A project of that scale two years ago would have taken the IT team six months from the requirements-gathering phase through to design, build, test and onto implementation. With an Agile way of working engrained into the company's culture, Delooze was able to set up a digital hub to start experimenting with potential solutions in the cloud.

"Within five days, we'd designed it, built it, and implemented it -- and in under 10 days, it was live and active, taking payment holidays," he says. "That success comes back to both the cloud platform we'd created, the people capability we put in place to allow them to work in that way, and the environment that we created."

Creating joined-up journeys to deliver digital transformation success

Jon Braithwaite, UK and Ireland CIO at food and support services company Compass Group, is another digital leader who believes a clear vision, business and IT alignment and organisation-wide buy-in are critical success factors for digital transformation.

"Having a CIO that can evangelise and sell the art of the possible is super-important," he says. "You also need to be part of a business that is receptive to that change and willing to engage with it -- and Compass is."

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Braithwaite: "You need to be constantly talking to the business; constantly bringing them on the journey."

Image: Compass Group

The company runs 11,000 point-of-sale devices across a range of organisations and events. When the pandemic hit, many of these events stopped. The board at Compass then took the the decision to invest heavily in technology, digital and data during the past 18 months.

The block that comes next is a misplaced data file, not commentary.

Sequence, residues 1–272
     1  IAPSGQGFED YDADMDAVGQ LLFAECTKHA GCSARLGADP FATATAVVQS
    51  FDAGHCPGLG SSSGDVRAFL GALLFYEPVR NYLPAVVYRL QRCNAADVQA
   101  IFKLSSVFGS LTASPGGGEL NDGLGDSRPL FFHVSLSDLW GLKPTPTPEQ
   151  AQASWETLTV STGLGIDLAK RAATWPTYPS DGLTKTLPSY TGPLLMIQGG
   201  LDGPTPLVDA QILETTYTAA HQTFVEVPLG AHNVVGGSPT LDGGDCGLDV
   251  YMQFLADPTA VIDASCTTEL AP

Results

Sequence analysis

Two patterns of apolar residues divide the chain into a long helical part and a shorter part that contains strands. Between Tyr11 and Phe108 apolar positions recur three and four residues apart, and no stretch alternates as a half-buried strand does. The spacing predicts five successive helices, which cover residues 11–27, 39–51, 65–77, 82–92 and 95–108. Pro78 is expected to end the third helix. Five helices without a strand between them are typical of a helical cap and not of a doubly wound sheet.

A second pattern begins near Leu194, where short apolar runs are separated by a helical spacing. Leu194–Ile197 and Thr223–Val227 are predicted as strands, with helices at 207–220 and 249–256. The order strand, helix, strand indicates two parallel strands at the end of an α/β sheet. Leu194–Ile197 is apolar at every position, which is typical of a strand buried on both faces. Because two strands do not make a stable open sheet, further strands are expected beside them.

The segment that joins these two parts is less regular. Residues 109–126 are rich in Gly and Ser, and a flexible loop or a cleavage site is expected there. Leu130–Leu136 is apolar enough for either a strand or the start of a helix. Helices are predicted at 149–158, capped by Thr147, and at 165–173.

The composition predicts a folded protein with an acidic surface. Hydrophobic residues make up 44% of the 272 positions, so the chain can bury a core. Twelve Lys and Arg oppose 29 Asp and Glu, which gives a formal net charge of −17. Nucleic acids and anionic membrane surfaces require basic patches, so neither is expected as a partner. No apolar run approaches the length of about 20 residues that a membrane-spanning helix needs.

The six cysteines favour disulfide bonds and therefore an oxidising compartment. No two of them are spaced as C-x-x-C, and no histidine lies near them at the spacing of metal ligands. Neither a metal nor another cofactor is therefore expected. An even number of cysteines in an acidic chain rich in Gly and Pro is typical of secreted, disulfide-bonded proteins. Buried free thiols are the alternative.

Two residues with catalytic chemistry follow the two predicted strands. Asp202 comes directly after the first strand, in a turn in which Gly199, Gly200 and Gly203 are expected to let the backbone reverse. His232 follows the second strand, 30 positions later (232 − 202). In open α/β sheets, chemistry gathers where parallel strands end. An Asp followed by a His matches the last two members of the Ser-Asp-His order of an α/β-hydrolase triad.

SEE: Digital transformation: Five ways to help your business boost customer experience

Braithwaite says his team used that backing well, developing multi-channel approaches for its customers and exploring potential applications of artificial intelligence. He says the pandemic has changed his business's relationship with digital transformation forever -- and for the better.

"We've done an awful lot during some really difficult times for everybody. I think we've done some great stuff, and there's more to do. But we're in a really good place to leverage a lot of the digital work that we've done over the past 18 months or so," he says.

Like Delooze at Nationwide, Braithwaite says demonstrating credibility quickly is extremely important. He says one of the priorities for his IT team is to align any digital transformation efforts to business strategy. The team pilots, trials and delivers capability incrementally, so that the business can see results quickly.

"It's a classic Agile approach," he says. "I think that quick, visible delivery can get lost sometimes in IT. And it's something that's very much at the core of how we try and work. I think being able to demonstrate to the business that their faith is being rewarded in some tangible early benefits is a good thing."

Crucially, Braithwaite says CIOs and their team shouldn't just turn up to the boardroom with a set of potential positives at the end of the pilot project. Digital transformation success relies on constant engagement. Digital leaders must bring the business along during every stage of the journey, from inception all the way through to implementation.

"You can't just evangelise to the board on day one and then not talk to them until the end of the project," he says. "You need to be constantly talking to the business; constantly bringing them on the journey. And what I've found is they tend to share the challenges, they share the pain, and they also share the gains with you."